Odean’s book doesn’t mention boys in the title. But they, too, could benefit from reading the books it recommends, she says.

“I want to reach as many kids as possible,” she says. “What I’m looking to give them are images of girls and women they’re less likely to see in TV and the movies, images that show them brave and strong and smart and capable. And that some girls will take this as inspiration, and some boys will change how they think of girls.”

Houston author Joan Lowery Nixon always casts strong teenage girls in her books for young adults. But she receives a lot of letters from boys who relate to the characters, too. About one heroine, a boy wrote, “Every time something happened to Jennifer, I felt it was happening to me.”

“My girls are all self-sufficient,” says Lowery, whose books now number well over 100. “They may be scared to death, but they … make their own decisions and do them. Some may get good grades, some don’t. But they’re still smart. They may not even know where they’re going, but they’ve figured out the best way to get there.”

Jennifer, the heroine the boy’s letter referred to, tends to be impulsive. But she still forges ahead because she has courage, Lowery says.

“This is an example to kids now. What I’m trying to say is, ‘You have courage, too. You can handle this.’ If any of them met Prince Charming and he was in trouble, they’d save him, too.”

Over the last 15 years or so, a lot of books featuring strong girl characters have been published, she says. The problem has been finding them.

Jane Shay found that out when she started looking for books to read her then-3-year-old daughter. She realized boys solving mysteries and having adventures filled the pages of books she was reading. She attributed that to having two older boys. But when Shay went to the library, “Whoa! Was I in for a surprise,” she says.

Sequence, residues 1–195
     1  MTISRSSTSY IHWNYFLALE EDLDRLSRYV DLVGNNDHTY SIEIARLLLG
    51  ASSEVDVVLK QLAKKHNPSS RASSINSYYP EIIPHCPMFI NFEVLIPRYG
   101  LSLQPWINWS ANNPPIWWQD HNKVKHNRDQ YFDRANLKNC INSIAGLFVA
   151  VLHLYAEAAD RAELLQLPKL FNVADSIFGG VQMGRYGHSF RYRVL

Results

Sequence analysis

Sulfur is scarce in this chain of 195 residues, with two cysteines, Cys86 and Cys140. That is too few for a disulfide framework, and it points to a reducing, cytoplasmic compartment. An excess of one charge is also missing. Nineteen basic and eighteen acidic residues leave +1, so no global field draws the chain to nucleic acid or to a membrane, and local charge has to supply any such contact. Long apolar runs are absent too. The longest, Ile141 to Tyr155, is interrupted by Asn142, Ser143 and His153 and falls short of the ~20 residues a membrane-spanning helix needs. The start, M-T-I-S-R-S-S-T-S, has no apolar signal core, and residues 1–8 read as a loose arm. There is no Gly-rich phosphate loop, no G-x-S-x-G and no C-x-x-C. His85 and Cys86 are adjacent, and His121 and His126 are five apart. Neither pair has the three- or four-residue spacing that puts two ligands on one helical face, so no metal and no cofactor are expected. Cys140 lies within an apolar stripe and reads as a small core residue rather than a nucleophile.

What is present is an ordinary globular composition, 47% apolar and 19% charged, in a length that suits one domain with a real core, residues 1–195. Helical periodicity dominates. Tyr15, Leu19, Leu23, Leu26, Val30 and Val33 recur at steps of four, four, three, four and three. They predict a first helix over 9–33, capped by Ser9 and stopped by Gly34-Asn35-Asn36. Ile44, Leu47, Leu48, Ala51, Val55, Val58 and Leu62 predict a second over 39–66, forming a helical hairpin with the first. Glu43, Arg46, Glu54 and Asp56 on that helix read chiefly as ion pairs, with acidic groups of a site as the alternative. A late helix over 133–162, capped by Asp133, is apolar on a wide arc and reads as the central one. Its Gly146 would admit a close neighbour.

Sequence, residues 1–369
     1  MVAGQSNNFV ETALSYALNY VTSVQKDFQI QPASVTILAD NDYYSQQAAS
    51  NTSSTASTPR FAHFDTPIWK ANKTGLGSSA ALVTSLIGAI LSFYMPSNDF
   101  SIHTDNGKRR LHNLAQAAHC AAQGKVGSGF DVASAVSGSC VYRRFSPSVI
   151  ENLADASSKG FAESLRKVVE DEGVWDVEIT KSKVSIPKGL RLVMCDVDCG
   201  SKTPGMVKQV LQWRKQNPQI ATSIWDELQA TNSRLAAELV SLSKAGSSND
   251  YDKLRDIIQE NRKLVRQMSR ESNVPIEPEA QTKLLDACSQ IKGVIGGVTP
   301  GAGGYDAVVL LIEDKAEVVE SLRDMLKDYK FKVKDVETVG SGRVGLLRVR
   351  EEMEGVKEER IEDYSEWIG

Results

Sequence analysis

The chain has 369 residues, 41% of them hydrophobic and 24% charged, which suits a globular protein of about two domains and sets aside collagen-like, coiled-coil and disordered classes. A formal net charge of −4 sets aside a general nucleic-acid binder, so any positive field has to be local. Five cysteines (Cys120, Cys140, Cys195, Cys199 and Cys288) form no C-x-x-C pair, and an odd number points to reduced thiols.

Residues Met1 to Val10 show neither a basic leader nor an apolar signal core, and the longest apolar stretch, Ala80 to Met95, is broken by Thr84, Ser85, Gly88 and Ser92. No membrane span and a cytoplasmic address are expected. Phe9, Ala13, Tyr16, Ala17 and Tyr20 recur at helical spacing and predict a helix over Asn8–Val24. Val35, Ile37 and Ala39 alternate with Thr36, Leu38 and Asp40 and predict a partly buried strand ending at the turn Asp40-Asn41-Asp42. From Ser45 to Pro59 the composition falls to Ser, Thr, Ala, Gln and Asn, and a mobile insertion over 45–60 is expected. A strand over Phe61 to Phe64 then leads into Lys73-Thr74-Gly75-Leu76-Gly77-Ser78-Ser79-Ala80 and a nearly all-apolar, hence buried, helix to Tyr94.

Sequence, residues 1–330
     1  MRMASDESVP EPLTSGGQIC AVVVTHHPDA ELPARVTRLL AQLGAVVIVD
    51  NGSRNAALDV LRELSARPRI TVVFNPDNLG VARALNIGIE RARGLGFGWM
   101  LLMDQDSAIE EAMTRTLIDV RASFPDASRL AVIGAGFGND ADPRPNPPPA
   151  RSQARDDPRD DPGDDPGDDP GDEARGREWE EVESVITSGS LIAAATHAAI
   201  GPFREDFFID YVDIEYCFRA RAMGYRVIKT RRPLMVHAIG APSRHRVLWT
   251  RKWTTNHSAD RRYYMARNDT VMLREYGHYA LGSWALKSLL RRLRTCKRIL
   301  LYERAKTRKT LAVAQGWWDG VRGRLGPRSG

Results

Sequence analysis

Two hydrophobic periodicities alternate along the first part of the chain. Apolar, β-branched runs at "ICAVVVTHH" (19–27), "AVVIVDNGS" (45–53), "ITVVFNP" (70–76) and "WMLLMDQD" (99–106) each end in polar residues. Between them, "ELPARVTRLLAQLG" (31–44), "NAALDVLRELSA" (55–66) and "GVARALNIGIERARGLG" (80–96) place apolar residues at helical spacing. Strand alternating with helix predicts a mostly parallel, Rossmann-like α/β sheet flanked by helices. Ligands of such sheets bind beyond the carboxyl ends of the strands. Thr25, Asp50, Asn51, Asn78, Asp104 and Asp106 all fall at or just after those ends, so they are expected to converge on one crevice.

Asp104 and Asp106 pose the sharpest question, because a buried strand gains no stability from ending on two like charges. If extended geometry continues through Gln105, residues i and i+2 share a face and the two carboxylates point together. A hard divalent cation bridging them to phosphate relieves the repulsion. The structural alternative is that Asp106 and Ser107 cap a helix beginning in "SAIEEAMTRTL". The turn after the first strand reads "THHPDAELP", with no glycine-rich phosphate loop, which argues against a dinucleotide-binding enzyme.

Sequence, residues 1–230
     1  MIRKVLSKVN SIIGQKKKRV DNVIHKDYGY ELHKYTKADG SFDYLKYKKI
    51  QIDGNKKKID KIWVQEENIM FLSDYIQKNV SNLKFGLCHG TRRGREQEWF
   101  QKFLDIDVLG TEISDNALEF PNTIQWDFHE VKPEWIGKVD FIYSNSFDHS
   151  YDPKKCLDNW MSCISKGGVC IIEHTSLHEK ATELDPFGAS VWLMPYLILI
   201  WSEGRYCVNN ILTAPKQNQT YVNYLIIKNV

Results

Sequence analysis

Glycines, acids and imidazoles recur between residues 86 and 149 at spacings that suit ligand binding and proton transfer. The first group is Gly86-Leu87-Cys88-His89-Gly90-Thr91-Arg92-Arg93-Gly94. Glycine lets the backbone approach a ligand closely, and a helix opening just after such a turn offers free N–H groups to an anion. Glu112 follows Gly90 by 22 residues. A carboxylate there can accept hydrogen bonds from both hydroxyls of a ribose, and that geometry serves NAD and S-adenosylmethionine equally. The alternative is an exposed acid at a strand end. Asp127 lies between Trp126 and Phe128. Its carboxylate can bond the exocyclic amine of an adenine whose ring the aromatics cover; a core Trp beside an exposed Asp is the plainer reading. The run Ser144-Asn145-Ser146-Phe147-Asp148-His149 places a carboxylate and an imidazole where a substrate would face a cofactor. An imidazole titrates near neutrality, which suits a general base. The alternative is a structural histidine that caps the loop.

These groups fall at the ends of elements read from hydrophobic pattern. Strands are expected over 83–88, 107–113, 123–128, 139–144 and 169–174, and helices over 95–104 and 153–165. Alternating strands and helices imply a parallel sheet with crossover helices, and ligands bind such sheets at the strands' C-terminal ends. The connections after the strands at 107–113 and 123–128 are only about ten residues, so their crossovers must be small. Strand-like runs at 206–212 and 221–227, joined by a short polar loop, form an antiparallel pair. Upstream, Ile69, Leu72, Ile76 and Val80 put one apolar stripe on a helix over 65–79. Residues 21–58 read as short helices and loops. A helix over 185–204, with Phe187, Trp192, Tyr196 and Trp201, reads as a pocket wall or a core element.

“The more I got into it, I realized this was quite a significant problem,” she says from her Bethesda, Md., home. “All the studies about how girls lose self-esteem at age 13 point to the fact there’s a great paucity of stories about strong girls. They’re certainly not out there in proportion to boys.”

So two years ago, she started her “Just Girls” catalog (phone number: 800-465-5445). Every issue features descriptions of books around a certain theme, including “Pioneering Girls,” “Girls in the Civil War” and “Legendary Girls”.

“There are lots of topics I’d love to do, but there aren’t enough books yet,” she says. “I hope we get more. But the truth is, we have to support them economically. Like many things, this gets driven by economics.”

Sometimes she gets frustrated that there aren’t more books featuring strong females. But she’s just as likely to be encouraged. A recent book section of The New York Times featured two: “Happily Ever After” by Anna Quindlen (Viking; $13.99) and “Rumpelstiltskin’s Daughter” by Diane Stanley (Morrow Junior Books; $15).

“This is one thing a parent can do to make a difference for their girls,” Shay says. “The global gender equity issues will take years to fix. But here’s something every parent can do right now.”